Cramer offers an interesting possibility, but it’s clear that Apple doesn’t want to do that. Why should they? Cisco purchased Linksys for an angle into the home market and Apple is going to kill them in that space. Apple could name their device anything but why should they? Everyone was already calling it an iPhone. I’m sure Apple is getting legal advice that is confident of success against a lawsuit from Cisco.

  3. So wait a minute, will Apple TV not work with a Linksys 802.11n router? I was planning on getting a new AE with the a, the b,the g,the n, and the hey hey hey anyway, but Apple TV only works with an Apple AE box? Hmmm…

  4. Guys thought it all wrong, Cisco and Apple has good relations, instead of putting advertising money, pay the lawyers and Huge Publicity. Better than any advertisement, you wouldn’t think Steve already has this resolved don’t you to actually use the “iPhone” name.

  5. I am with Cramer. Just because Cisco’s filing is probably 100+ pages and it says they are suing Apple for the iPhone in black and white means nothing. There could be some deeper meaning to the entire document. Maybe Cisco is sayiing that Jobs is a Christ figure. Maybe Jobs has to take the iPhone and throw it into a large volcano for all of humanity. Maybe they want Jobs to be more sensitive to his inner child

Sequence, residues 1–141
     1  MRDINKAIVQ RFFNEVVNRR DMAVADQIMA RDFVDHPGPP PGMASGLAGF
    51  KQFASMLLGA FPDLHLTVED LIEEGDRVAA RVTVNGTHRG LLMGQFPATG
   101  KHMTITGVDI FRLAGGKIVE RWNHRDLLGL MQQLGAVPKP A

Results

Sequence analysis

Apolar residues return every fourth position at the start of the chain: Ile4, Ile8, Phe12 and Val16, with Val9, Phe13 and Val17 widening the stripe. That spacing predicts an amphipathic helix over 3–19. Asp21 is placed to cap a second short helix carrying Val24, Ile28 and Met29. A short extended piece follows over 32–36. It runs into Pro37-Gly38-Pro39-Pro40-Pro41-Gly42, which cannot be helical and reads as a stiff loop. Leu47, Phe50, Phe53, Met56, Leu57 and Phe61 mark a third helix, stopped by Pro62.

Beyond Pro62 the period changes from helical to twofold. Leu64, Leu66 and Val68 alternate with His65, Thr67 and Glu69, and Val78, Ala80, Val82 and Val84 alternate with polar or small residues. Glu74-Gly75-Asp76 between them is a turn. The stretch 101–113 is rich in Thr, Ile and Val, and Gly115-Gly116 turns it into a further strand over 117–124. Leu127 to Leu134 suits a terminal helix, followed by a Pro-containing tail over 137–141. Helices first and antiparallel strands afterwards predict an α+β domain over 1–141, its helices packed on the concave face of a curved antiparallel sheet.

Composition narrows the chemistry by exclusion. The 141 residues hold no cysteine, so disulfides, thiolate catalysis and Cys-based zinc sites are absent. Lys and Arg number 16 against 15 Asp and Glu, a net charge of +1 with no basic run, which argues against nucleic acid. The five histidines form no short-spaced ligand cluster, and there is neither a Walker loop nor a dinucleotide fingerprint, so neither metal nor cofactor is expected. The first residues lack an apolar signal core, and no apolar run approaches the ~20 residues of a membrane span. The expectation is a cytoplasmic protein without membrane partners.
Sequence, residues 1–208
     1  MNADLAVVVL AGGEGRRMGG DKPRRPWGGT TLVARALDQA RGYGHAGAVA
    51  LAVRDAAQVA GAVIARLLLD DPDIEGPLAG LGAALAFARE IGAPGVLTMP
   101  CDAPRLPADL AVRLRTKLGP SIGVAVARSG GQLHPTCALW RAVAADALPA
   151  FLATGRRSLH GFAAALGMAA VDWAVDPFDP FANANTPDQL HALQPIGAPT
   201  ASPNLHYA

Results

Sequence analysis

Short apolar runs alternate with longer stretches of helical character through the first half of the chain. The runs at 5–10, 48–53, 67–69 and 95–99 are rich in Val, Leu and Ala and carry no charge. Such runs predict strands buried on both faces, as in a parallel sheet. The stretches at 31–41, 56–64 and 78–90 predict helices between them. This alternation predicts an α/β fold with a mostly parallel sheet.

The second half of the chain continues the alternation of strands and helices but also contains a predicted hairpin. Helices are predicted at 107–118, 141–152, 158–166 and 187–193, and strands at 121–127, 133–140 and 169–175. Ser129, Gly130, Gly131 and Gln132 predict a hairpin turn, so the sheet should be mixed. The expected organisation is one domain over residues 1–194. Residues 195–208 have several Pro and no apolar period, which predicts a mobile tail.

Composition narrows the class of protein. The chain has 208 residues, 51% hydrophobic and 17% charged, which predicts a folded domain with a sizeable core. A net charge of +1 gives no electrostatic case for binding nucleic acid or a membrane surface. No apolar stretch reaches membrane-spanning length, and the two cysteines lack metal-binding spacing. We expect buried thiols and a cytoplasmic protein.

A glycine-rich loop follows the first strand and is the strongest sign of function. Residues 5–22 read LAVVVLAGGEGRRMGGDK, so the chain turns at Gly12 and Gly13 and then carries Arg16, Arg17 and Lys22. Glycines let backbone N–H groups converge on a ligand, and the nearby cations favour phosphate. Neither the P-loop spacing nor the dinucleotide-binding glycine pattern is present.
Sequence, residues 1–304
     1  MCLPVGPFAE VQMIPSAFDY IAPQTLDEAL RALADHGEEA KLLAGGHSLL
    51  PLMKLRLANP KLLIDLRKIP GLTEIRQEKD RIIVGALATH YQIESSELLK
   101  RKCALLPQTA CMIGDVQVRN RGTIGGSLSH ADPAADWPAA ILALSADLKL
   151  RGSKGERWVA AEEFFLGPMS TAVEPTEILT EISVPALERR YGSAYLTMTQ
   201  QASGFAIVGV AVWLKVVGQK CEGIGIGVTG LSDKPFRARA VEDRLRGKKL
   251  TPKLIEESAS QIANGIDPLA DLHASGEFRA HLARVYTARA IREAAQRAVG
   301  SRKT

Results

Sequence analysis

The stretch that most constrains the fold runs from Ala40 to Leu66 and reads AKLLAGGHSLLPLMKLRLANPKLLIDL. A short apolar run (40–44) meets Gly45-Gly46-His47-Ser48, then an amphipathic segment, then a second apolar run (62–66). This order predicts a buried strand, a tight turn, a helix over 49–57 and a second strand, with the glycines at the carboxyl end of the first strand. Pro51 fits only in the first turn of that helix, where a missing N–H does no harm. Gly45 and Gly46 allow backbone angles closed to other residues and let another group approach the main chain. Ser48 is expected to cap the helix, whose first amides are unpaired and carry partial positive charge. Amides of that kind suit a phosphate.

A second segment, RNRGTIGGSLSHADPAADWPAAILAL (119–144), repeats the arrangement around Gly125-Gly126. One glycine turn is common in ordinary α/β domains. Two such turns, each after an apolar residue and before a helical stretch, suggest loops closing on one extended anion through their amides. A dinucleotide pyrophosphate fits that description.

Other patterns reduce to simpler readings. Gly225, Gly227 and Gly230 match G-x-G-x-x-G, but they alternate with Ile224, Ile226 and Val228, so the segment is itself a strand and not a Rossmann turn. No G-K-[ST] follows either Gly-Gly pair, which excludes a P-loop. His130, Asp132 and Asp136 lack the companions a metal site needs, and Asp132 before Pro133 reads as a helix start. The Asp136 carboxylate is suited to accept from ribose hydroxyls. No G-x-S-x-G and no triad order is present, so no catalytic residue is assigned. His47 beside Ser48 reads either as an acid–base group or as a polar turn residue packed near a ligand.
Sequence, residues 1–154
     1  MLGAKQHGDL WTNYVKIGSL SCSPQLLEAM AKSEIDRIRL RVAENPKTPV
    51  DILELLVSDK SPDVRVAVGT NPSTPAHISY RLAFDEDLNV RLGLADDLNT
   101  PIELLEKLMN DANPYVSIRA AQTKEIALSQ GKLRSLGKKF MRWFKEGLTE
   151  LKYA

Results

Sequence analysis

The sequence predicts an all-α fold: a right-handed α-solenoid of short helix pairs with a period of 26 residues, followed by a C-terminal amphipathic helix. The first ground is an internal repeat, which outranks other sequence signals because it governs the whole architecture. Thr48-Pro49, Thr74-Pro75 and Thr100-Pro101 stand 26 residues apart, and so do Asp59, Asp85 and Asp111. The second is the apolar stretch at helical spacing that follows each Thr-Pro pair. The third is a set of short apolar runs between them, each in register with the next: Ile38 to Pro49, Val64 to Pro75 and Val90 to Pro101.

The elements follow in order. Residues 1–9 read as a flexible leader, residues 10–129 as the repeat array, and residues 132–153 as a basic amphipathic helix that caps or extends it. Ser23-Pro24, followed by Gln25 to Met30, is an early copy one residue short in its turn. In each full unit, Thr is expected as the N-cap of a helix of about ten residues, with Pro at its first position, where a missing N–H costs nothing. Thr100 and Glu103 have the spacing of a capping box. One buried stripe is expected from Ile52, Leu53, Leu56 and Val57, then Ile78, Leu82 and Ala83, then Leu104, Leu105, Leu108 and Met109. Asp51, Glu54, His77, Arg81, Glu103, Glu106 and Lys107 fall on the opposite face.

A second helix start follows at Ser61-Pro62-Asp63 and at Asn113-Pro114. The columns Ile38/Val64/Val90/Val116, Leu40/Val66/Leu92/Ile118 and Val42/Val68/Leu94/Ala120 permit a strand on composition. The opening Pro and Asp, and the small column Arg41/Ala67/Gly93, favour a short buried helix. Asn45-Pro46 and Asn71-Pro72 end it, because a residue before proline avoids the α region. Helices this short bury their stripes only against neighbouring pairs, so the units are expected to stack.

Maybe……Cramer is an idiot.

    My very first post about the iPhone, on this site, during the keynote was that…wait for it…lawyers were going to engage in hand-to-hand combat over the iPhone name. DUH! Cisco got a whiff last year of Apple getting ready to announce the Apple iPhone and Cisco released their product in December thus exercising their copyrighted name.

    I do not know if Cisco can defend the name. Cramer’s analysis is way off the mark. Cisco has been prepping for this fight since December (as far as we consumers know).

    Just my $0.02

  6. To Ray:

    Just because a filing is 100+ pages doesn’t mean it actually says anything.